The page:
The Best Vinyl Record Stores in Toronto
The best vinyl record stores in Toronto continue to enjoy the resurgence of album as a physical object, complete with wall-worthy cover art and liner notes. It's been at least over two decades since the record shops were as robust as they are in this city, and the pay-off for consumers is excellent selection across a variety of genres that not so long ago would have required a visit to Ebay.
Here are the best vinyl record stores in Toronto.
Writing by Luke Corrado.
Sometimes bigger is better, and Sonic Boom occupies a crucial place in Toronto’s vinyl scene because of the sheer size of its selection housed in a gorgeous historical building on Spadina Ave. With strong holdings of both new and used stock in popular genres like rock (both classic and indie) and hip hop, the shop is an unavoidable stop on the city’s collective record buying adventures.
A move from Queen West to Ossington did nothing to diminish the popularity of this vinyl-focused shop, which boasts one of the best selections of new records in the city. The focus is on pop and indie rock, but you’ll find a bit of everything here. The store is also one of the key destinations for securing tickets to independent shows in Toronto.
With three locations spread around the city, the mini-empire that Kops has built is proof-positive that record shops are viable businesses in Toronto. How did they do it? At least in part by stocking items that you won’t find anywhere else, like 45s and other rarities. Staff describe the Danforth location as a “music museum,” which only hints at all the amazing finds they have waiting to be discovered.
When this record shop opened on the west side of Little Italy in 2012, it was one of the first signs that vinyl was experiencing a resurgence in Toronto. Much has happened since then, including significant growth when it comes to the offerings at June. Not only are there more records to browse than ever, but the shop has an excellent selection of turntables and doubles up as venue on regular occasions.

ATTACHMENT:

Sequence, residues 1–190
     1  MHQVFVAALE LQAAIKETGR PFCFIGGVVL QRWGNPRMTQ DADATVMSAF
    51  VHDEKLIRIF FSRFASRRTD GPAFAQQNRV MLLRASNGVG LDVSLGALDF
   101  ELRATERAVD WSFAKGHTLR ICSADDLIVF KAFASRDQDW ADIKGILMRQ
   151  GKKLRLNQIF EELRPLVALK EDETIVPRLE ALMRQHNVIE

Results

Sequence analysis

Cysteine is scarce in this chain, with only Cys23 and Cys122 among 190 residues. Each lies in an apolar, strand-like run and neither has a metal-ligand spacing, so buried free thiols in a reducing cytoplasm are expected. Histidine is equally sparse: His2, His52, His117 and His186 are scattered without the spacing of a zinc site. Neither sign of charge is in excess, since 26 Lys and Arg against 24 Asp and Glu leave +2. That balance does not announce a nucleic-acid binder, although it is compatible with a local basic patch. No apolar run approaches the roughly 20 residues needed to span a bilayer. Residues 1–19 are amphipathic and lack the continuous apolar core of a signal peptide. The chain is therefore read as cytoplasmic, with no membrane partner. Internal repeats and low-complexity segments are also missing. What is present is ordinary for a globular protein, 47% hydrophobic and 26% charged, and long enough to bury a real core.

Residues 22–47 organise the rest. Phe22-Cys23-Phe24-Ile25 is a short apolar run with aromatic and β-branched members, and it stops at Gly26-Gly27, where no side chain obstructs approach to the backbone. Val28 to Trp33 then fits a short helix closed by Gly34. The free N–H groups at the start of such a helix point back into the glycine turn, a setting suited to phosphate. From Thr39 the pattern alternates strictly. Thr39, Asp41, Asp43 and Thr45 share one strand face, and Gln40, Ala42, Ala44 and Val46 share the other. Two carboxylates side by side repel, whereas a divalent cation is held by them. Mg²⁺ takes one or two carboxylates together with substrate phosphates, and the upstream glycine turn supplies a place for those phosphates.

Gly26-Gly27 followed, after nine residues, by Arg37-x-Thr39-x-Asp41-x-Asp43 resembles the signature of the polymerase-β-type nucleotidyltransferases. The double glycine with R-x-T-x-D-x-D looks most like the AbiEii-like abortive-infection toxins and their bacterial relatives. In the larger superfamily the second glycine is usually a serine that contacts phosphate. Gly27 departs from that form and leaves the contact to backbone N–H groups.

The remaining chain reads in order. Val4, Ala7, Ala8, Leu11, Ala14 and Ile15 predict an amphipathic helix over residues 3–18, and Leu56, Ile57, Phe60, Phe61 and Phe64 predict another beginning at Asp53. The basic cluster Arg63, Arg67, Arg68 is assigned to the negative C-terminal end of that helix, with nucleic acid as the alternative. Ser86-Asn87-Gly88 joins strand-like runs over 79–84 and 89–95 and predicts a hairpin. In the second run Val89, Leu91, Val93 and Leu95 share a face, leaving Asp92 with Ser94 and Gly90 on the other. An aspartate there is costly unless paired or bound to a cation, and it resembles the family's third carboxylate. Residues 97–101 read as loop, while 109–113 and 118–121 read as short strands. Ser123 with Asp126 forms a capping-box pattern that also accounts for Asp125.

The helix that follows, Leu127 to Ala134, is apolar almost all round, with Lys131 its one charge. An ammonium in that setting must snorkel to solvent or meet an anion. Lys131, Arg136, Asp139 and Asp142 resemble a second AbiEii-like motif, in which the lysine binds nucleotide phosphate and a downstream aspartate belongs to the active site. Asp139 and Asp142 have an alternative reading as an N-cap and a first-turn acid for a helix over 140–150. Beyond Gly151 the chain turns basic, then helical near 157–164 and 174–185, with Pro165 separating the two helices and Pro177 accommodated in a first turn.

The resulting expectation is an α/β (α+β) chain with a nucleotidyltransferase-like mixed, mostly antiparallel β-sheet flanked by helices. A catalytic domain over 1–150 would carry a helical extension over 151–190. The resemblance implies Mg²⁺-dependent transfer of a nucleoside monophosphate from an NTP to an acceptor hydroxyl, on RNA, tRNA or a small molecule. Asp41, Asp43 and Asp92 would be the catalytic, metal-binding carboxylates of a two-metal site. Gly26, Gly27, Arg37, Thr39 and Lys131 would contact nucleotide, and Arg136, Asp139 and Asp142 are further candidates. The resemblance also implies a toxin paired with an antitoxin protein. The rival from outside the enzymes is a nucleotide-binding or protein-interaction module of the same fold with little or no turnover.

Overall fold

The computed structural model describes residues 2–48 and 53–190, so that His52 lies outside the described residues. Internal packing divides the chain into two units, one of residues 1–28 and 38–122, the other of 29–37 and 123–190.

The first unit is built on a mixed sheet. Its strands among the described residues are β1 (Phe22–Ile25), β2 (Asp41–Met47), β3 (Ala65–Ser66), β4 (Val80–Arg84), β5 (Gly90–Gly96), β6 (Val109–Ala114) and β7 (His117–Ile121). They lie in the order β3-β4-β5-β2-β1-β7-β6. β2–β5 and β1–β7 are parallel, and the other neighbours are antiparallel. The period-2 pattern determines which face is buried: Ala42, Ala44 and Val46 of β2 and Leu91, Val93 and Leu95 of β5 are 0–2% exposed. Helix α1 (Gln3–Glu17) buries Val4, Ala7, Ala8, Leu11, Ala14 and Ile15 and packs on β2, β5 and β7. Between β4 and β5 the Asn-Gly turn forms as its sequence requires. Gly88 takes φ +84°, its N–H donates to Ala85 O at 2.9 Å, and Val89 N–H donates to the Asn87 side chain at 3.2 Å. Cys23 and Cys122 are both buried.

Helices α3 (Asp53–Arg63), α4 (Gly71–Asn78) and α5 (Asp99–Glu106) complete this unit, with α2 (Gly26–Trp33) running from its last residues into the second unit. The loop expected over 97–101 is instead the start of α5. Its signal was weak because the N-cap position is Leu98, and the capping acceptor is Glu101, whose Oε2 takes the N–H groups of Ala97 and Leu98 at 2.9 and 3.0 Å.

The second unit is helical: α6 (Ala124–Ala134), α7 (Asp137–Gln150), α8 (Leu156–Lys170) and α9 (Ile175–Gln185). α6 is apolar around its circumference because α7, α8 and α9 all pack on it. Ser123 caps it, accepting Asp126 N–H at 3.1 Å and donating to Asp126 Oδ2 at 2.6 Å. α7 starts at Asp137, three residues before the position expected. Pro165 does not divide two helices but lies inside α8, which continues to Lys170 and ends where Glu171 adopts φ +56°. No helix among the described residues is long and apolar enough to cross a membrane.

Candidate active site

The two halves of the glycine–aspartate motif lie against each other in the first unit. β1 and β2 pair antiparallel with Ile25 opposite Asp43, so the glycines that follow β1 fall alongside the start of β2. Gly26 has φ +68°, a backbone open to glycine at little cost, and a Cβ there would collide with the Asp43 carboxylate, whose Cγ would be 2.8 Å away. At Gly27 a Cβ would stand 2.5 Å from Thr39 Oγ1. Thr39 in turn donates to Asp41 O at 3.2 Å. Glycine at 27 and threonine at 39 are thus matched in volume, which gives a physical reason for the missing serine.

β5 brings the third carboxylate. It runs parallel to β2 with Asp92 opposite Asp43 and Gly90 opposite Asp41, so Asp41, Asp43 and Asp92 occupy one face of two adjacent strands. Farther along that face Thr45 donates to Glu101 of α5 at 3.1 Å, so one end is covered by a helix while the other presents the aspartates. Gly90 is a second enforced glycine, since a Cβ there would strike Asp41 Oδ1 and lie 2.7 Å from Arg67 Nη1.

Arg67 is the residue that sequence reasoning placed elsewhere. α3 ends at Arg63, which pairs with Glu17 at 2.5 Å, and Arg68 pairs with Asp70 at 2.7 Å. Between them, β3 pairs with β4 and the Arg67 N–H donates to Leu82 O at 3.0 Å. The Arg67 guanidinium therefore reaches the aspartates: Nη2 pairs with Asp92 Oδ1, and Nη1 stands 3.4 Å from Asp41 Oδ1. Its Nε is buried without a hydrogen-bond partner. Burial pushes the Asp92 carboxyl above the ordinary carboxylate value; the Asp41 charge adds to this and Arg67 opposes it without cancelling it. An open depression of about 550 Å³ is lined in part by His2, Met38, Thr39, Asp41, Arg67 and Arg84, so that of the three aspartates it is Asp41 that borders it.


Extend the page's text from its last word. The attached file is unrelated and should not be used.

It’s days as a Yonge St. institution are behind it, but Play De Record is still a hub for the city’s DJs. Those looking to collect hip hop and dance records know to stop here, but it’s also the top spot in the city to learn all about turntables, from the various models that they carry to the Play De Record Academy, which teachings basic DJ skills.
Grasshopper burst onto the scene in 2012 on Dundas West, when Toronto record collectors were suddenly blessed with a new crop of vinyl shops to add to their weekly rotation. It’s been a popular spot since day one for its long hours (record collectors love night shopping) but also its great selection of hip hop and classic rock. There are occasional complaints about pricing, but hard-to-find items are always at a premium.
This aptly named record store sits at the back of Token Gift Shop in Leslieville and demonstrates the degree to which vinyl has become a lifestyle item. Instead of thinking about this in negative terms, a place like Tiny Record Shop reminds customers that music is an integral part of the home. Given the spatial restrictions, the selection is focused mostly on classic rock and pop albums.
Holding down the fort in Bloordale, Dead Dog Records is kind of like Sunrise 2.0 in that it’s run by former employees of the once mighty chain. Here you’ll find plenty of new stock in genres like pop and rock, but also plenty of merch and music-related accessories. It’s fun record store that draws collectors out on a regular basis.
Serious record collectors know that Cosmos is a place to visit on a weekly basis. Between the two nearby locations, you’ll find collections of old school hip hop, soul, electronic, jazz, psych, and a host of other worldly genres that you’d think would require a visit to Ebay to stock up on.
Soundscapes still shows tons of love for the CD, making it a rarity in the Toronto record shop scene. It seems like there’s more and more vinyl every day, though, as the trend continues to grow in this city and beyond. Along with being a crucial source for concert tickets, the store is just one of those places that highlights how artful music products are. Packaging has never mattered more, and Soundscapes gets this.
The best way to describe LPs LPS is as a record collector’s record shop because that’s exactly what it is. Owner Lorenz Peter opened his store on Dundas West at the top of Roncesvalles when he realized that his personal collection had gotten a little out of hand. Head here for good prices on classic rock, pop, and Canadiana.
A place to find gems from British Invasion rock outfits, In the Groove is a collector’s paradise if not the best place for newbies. It helps to know what you’re looking for here because the shop might just have that record you’ve been lusting after for a long time. The prices reflect the shop’s decision to focus on rare items rather than mainstream stock.
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